Critical Months Ahead for Oracle

Critical Months Ahead for Oracle


Critical Months Ahead for Oracle


By Hal Plotkin Silicon Valley Correspondent

Dec 21, 2000 03:39 PM

Oracle Corp. {ORCL} isn’t out of the woods yet.

First, the good news: Oracle’s shares have risen about 6% since the company reported slightly better-than-expected results for its fiscal second quarter last Friday. Oracle executives also boosted their guidance for the company’s fiscal third quarter by a penny, to 12 cents a share bringing it in line with the Street’s estimates. Oracle’s fiscal
second-quarter earnings came in at 11 cents, beating First Call Corp.’s consensus analyst estimate by 1 cent.

But don’t pop the champagne corks yet. The big risk for Oracle investors is expected to present itself during the company’s second half. And we aren’t talking a small-potatoes issue here.

Many of the same analysts who presciently warned that Oracle’s stock was overvalued last fall now say that it could be heading for an even-steeper slide if the company’s projected sales of new Internet-based applications come in below the lofty expectations that are still factored into the stock price.

52-Week Stock-Performance of Oracle Corp.

“Oracle did $435 million in application sales so far this year,” says Robertson Stephens analyst Eric Upin. “They’re going to have to do three times that number during the second half [to meet revenue targets]. Until we get to the forth quarter, there is risk, and the risk should be priced into the stock.”

Upin started ringing the warning bell on Oracle’s stock earlier this year when he saw how much the company was depending on sales of applications that were back-loaded toward the end of its current fiscal year, which ends in May. He says it is possible that Oracle will make those numbers. But a miss, which he says seems just as likely if not more so, could knock the wind out of the stock’s sails in a very big way.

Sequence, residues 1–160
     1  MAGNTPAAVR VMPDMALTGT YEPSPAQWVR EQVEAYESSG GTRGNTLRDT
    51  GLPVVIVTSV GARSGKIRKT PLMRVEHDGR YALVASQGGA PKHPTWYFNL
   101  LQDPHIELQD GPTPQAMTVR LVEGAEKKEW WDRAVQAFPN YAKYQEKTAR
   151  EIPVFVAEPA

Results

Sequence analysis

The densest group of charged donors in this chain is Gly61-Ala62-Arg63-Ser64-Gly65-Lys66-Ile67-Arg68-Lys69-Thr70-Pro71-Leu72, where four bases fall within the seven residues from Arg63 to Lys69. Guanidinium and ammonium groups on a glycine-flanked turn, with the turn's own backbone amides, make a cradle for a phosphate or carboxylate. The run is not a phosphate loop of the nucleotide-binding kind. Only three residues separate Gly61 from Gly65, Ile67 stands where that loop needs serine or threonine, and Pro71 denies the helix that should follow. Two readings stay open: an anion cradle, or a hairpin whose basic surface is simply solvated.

“They’re going to need a good economic environment and a crack sales and marketing team to pull that off,”Upin says. “The company had a nice quarter during a seasonally strong period, but the numbers are starting to get real big. For Oracle, the make-or-break quarter is really not this quarter but the next two.”

Upin says the timing could prove problematic for Oracle because many businesses are expected to cut down on their capital spending during the next quarter, which would put even more pressure on Oracle’s final, year-end quarter.

To be sure, most analysts are still quite sanguine about Oracle’s prospects, with 13 analysts still rating the stock “strong buy,” just one fewer than three months ago.

Investors who followed the advice of those analysts three months ago, however, have lost quite a bundle in the time since.

Even so, most Oracle bulls are staying the course, with many of them saying that it is the one software company, perhaps even the one technology company, that has demonstrated an ability to surmount the forces that have brought so many similar stocks down in recent months.

The pro-Oracle analysts particularly like the fact that the company’s second quarter net income rose 62%, despite the fact that currency-exchange issues accounted for a 7% hit on the company’s growth. The negative impact of currency exchange rates, which Oracle overcame, has been cited by a number of other tech and multinational firms that have issued recent earnings warnings.

“Oracle’s performance is particularly impressive in light of the currency drag,” says Jim Mendelson, an analyst at Wit SoundView, based in Stamford, Conn. “The company has a lot of things working it its favor.”

Mendelson has a “strong buy” rating on the stock, along with the $48 price target he established at the beginning of this year. “North of $48 is not at all unreasonable for the stock,” he says.

The analyst’s one caveat is the fear of a hard rather than soft landing over the next few months.